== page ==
Origin

I started working on Crystal in 2016. I had just finished making the switch over to Linux, and I had recently discovered how great Python is (especially on Linux). The virtual assistants I had access to were Siri and Ok Google. They were good, all the little bugs had been flushed out since their initial launches, but they were limited in scope. All they could do was limited to my phone and the cloud. If I wanted to do something on my computer via voice command, that just wasn't possible. I wanted something expandable, something I could tinker around with, something more personalized.

I decided I would do it myself.

First Version (Legacy)

Architecture

I'll admit, my first iteration of Crystal was really weird. Here's how it worked:

There's this really convenient Python module called SpeechRecognition. It has built in functionality to just listen, and then it calls a callback function when it recognizes speech. Then you can call another function to recognize speech in that audio using any cloud service's API that it supports. So that's exactly how Crystal works, using Google's Speech API for Chromium.

Once we have the text, we need to figure out what the user wants to do. I solved this by using another API. This time, IBM Watson's text classifier. (My machine learning knowledge was non-existent at this point.) I created a big list of anticipated queries, and mapped them to a category. And it worked pretty good.

After that, we need to extract parameters from the user's query (if necessary). For example, if we are switching workspaces, we need to know which one to switch to. I used another Python module for NLP called spaCy. It's a very high quality, professional library that I would highly recommend to anybody who is doing any language processing.

Once we know the user's intent and the parameters, we perform the requested action.

Problems

1. Response Times

From the beginning, response times were pretty bad, and sometimes it would just not respond at all. I was able to trace this back to how the SpeechRecognition module handles recording audio. If I want to fix that, I need to replace that module with my own solution.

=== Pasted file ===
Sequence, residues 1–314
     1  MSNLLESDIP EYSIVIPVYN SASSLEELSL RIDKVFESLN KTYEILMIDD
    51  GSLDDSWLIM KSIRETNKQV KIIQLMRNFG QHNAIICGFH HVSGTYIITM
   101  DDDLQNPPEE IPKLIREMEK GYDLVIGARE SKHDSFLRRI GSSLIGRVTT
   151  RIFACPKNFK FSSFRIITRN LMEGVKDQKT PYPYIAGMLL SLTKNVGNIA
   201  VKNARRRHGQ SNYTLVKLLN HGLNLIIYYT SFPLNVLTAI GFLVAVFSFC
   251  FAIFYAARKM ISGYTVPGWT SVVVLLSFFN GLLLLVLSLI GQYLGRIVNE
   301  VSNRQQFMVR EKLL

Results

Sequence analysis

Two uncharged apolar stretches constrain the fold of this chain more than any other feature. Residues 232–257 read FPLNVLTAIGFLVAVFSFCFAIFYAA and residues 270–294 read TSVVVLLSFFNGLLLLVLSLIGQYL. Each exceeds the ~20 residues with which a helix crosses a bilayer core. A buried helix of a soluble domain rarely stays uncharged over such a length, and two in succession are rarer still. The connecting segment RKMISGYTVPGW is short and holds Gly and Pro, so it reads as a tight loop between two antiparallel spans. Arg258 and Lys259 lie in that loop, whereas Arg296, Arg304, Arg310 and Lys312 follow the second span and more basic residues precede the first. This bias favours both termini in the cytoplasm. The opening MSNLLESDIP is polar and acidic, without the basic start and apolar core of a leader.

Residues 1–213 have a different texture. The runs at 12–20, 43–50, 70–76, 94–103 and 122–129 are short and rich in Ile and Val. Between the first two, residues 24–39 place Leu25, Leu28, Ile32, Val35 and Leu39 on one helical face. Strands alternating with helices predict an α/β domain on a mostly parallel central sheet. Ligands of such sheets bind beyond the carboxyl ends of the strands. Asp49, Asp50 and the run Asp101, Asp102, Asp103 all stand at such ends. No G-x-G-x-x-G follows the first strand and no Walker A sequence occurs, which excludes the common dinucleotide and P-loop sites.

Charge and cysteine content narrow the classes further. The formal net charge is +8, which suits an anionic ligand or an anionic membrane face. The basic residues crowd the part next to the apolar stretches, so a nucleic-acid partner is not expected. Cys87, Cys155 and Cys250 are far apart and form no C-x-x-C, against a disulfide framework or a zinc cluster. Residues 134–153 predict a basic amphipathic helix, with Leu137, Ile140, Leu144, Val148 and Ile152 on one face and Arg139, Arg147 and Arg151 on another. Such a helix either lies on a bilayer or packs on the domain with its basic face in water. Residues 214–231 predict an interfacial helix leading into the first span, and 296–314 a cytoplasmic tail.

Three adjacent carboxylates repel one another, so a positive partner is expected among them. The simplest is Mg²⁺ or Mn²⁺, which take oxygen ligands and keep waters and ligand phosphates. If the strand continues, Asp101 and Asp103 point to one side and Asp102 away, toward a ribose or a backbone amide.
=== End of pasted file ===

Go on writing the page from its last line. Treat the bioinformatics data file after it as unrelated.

My text classification solution was also contributing to the response times, since it required a web request to get the classification. But it only affected responses by milliseconds instead of seconds.

2. Parsing

My current methods for parsing are very manual. For every new command I add, I end up having to do some parsing by hand. Ideally, I could train something to determine and extract parameters. Turns out this is an active field of research, so it's probably way out of my league (but it won't stop me from trying).

3. Poor Code Quality

This version of Crystal was an absolute mess. Originally, I intended for Crystal to be a relatively small project. I was just going to program a few voice commands, like switching workspaces, controlling media playback, etc. But I wanted it to do more, so I kept adding stuff, like finding the definition of words. Eventually, it got super bloated and response times were already abysmal. In my main file, there were over 2500 lines that could easily be split into multiple files if I had done that from the start.

I came to the conclusion that some major refactoring was necessary.

The Rewrite

This is the only project that I have ever been motivated enough to successfully rewrite it from the ground up (because it's so god damn cool).

Architecture

TODO: add diagram image

Crystal is now made of modules. There are 3 types of modules:

  • Input modules
  • Action modules
  • Feedback modules

All audio input from the user is handled by the input modules. They take the audio and recognize speech and put it into text. Then, it uses LinearSVC from scikit-learn to classify the query, and passes it into it's respective Action module. Each Action module handles one query classification. Feedback modules handle any kind of response or indicator shown to the user. Feedback modules can hook in anywhere on the request/response pipeline.

Input Modules

Input modules are the first step in the pipeline. They handle recording audio, or grabbing audio from somewhere else. Then, they recognize speech in the audio. If there is any recognized text, it passes it down the pipeline.

Action Modules

After Crystal classifies the query, the text gets passed to it's respective Action module. Action modules don't handle displaying any kind of result or visual feedback to the user, they just parse the query, and perform their action or request additional parameters from the user.

Here are the modules that I've refined to the point to where they usually don't break:

  • date
  • time
  • manipulate-wm
  • volume-set
  • media
  • roll-die
  • lock-system

These modules are either WIP or planned:

  • run-program
  • todo
  • smart-home

Feedback Modules

As previously mentioned, Feedback modules can hook in anywhere along the request-response pipeline. Currently, there are only a couple Feedback modules. I have one that sends commands to a blink(1) to change the color when Crystal's status changes. Another to send system notifications with query responses.

Current State of the Project

This project is in active development. This project is not yet open source, but source code is available on request. The scope of this project is limited to my personal use, meaning I do not intend nor expect anybody else to use this project on a daily basis.

In addition to more Feedback and Action modules, I'm also working on making this project work fully offline. No internet connection required. I found this handy little project called cheetah that I hope will help make this happen.